The student doctor was instructed that he likely would never see a case like that again. I of course was wowed at the idea it was that bad, but again his rash did not present that colorful at home, and we were using Aquaphor like it was miracle cream.

We took him home under the instruction to wean him off the antihistamine as quickly as possible. He was too young to be on a medication that causes that kind of sleepiness. He slept six hours the first day, a whole two hours more than usual. He did sleep a little though, which means I got more than a twenty minute nap.

It wasn’t an all around answer though, over the next few months I slept with Bubby in my bed, and I am fully anti bedsharing. If that’s your gig, and you perform sleeping with a baby next to you safely, great, but I am not one to trust it. I had no choice. I would prop my arm on a thin pillow and semi-sleep on my back with him cradled in my arm much like he would be if I were sitting in a chair with him instead. He didn’t even make it into his crib until he was close to ten months old, and by then he was on a strict routine of bath, lotion, bed, and then mommy sleeping on the rail with her hand on his back- LITERALLY!

The first year of his life I pretty much walked through delusional. I don’t have a ton of strong memories other than the most important details. Four months he slept four hours a day, no naps. Six months he was still itching some, a little better, and sleeping maybe five hours to six hours day, no naps. By nine to ten months we felt like he was almost on a normal sleeping schedule of around eight hours a day, no naps, and still waking frequently with itchy dry skin.

Around a year he went on Benedryl. That was helpful, but he became immune quickly. By sixteen months he finally took a real nap, one that didn’t consist of me rocking him to sleep, setting him down, and only having enough time to pee before he was screaming.

During all of this most of what I remember is sitting in bed rocking an upset baby watching Star Wars, and eating Cheez-Its. Outside of that, I did what research I could for eczema and how to treat it for young babies, what kinds of things triggered it, and so on. I did stumble upon an idea I normally would have never considered. Around his four month turn around we took him to a chiropractor. I never trusted them previously, but have gone monthly ever since. A slight adjustment of his neck, and every time he was laid down in his bassinet and he rolled his head to the left, he no longer jerked awake. It was a minimal fix to a much larger problem, but I highly suggest it. Make sure you reference you chiropractor. I really like mine, but there are bad ones.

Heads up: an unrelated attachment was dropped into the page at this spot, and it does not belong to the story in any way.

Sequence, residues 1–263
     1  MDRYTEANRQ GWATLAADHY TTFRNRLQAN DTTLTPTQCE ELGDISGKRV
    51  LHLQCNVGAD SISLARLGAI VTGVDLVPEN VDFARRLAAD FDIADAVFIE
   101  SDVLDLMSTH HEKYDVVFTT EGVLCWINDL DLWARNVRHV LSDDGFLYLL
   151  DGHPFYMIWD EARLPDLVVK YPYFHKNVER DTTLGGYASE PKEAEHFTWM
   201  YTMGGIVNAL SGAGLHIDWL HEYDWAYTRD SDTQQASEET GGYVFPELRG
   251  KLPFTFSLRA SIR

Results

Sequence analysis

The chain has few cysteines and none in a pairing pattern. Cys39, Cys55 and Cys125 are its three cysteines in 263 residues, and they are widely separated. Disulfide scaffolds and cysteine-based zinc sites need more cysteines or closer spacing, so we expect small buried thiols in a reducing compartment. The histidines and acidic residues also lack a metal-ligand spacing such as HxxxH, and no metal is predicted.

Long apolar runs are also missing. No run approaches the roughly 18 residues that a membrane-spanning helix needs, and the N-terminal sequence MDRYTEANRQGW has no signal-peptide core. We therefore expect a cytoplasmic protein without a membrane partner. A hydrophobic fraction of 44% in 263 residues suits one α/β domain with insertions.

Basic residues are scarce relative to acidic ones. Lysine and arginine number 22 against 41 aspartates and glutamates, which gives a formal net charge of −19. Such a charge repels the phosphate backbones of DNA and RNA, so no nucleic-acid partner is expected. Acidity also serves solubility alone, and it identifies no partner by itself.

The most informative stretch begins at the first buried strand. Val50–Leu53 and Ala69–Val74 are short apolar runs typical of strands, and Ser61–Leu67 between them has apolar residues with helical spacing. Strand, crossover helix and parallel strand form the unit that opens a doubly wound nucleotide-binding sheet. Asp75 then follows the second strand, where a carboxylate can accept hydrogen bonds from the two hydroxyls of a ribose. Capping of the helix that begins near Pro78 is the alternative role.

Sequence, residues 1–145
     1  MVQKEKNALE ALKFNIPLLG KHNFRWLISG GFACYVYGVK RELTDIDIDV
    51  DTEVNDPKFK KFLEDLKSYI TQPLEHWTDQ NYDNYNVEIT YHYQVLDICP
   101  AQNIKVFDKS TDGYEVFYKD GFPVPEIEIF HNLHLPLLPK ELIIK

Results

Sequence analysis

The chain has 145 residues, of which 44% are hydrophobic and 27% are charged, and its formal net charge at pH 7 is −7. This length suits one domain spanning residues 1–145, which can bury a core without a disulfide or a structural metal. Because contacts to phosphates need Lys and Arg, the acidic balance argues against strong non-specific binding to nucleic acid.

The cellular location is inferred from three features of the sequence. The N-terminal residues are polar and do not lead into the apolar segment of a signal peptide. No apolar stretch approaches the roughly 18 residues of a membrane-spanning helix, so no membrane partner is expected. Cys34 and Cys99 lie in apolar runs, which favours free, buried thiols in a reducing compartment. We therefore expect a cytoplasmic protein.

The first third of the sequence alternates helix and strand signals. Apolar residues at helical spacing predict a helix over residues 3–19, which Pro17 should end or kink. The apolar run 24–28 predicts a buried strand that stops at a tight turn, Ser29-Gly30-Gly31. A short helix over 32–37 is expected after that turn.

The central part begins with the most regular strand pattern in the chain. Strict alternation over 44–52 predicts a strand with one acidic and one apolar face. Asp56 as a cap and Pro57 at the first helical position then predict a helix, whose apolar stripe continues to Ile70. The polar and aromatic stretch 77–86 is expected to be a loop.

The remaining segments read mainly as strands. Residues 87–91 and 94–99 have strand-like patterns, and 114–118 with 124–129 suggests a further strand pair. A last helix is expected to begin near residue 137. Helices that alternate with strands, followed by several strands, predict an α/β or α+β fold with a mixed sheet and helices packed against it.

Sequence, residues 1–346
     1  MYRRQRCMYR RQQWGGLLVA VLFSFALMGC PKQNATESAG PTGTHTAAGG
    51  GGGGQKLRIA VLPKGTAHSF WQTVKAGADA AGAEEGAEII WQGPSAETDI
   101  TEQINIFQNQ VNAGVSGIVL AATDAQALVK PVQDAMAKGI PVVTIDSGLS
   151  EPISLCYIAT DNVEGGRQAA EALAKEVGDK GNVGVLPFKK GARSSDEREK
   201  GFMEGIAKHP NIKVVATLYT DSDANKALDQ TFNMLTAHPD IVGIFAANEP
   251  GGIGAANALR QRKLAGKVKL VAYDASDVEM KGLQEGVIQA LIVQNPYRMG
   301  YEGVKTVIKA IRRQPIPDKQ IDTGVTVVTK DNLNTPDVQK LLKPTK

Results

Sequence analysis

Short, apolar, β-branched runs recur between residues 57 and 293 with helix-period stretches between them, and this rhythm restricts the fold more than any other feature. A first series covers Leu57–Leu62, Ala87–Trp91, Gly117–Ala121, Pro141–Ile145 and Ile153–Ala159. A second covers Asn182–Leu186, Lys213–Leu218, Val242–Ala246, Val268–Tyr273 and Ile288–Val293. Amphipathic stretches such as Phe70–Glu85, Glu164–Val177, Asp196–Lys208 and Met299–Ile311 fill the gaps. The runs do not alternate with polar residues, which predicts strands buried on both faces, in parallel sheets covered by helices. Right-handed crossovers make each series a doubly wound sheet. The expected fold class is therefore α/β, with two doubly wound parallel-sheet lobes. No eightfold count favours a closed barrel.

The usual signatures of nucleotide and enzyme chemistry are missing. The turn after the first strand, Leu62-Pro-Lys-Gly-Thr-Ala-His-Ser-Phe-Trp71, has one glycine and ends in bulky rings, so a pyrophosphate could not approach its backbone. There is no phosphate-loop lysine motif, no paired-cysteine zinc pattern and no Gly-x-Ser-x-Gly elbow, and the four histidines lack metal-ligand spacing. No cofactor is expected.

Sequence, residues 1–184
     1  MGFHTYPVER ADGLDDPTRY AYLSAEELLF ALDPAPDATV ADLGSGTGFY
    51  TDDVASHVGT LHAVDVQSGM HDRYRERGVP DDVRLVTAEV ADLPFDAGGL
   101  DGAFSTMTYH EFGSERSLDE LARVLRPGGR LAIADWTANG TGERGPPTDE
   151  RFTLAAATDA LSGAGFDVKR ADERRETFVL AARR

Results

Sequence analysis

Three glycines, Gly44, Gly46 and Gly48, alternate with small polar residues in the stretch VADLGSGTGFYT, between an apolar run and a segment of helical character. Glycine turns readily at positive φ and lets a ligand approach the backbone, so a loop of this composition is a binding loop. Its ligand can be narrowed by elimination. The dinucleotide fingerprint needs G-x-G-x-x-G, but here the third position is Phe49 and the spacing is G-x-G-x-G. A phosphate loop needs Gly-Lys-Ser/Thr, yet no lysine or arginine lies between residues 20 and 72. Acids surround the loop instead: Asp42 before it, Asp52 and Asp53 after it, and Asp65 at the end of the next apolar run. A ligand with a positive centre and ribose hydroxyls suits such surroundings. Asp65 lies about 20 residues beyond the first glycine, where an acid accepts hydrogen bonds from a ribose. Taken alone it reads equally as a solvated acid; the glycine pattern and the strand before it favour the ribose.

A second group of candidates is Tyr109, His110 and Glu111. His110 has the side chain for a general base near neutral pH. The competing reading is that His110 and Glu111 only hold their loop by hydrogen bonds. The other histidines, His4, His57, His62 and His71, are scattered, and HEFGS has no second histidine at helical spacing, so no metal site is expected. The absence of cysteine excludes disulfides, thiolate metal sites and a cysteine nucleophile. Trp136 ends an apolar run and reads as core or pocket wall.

After accepting I was never going to sleep again, even once he began sleeping some, I gave up on a normal schedule for myself and just tried to get him sleeping enough. Babies his age require far more than he was getting, and it seems incredible to think around a time most babies sleep up to eighteen hours a day, he only slept four. That today still shocks me. It seems impossible, but not as impossible as slipping by on barely two hours myself. Some days I tell myself maybe I’m lucky to be alive after sleeping so little. At one point I know I was nearly psychotic. I wanted out of my life, and away from the kid who kept me from sleeping.

It almost felt intentional. I would get him to sleep in his crib, and the second my head hit the pillow and my eyes closed, I’d fall asleep and he’d wake up screaming. My husband swore this was coincidence, but he knew and he did not want me asleep. I took a vacation around the ten month marker, and my cousin sat with the kids while my husband worked. After her first night, she called me to tell me that my son would wake up every single time she’d get in bed. Coincidence, my A**.

I later read that colic could mean the baby can’t calm their minds, as though too much development is going on and it’s hard to fall asleep. We all recognize we have nights we can’t sleep, but for a baby think how frustrating that would be. I also read that many people who were colic grew up to be genius. This is where you need to go read Case Two: Bubby. The definition to genius is as follows

Exceptional intellectual or creative power or other natural ability.
A person who is exceptionally intelligent or creative, either generally or in some particular respect: “musical genius”.

I am not saying my child is a genius as of yet, but it wouldn’t surprise me down the road.

The colic, the eczema, and all the itching he went through as a baby reared it’s ugly head the year after Bubby turned four. He came home from his preschool with rashes all over. We’d grown used to patches behind his knees and on the inside of his elbows, over his toes, and on his heels. This was so out of control he’d hide to scratch, he knew he shouldn’t, but he couldn’t stop it was so bad.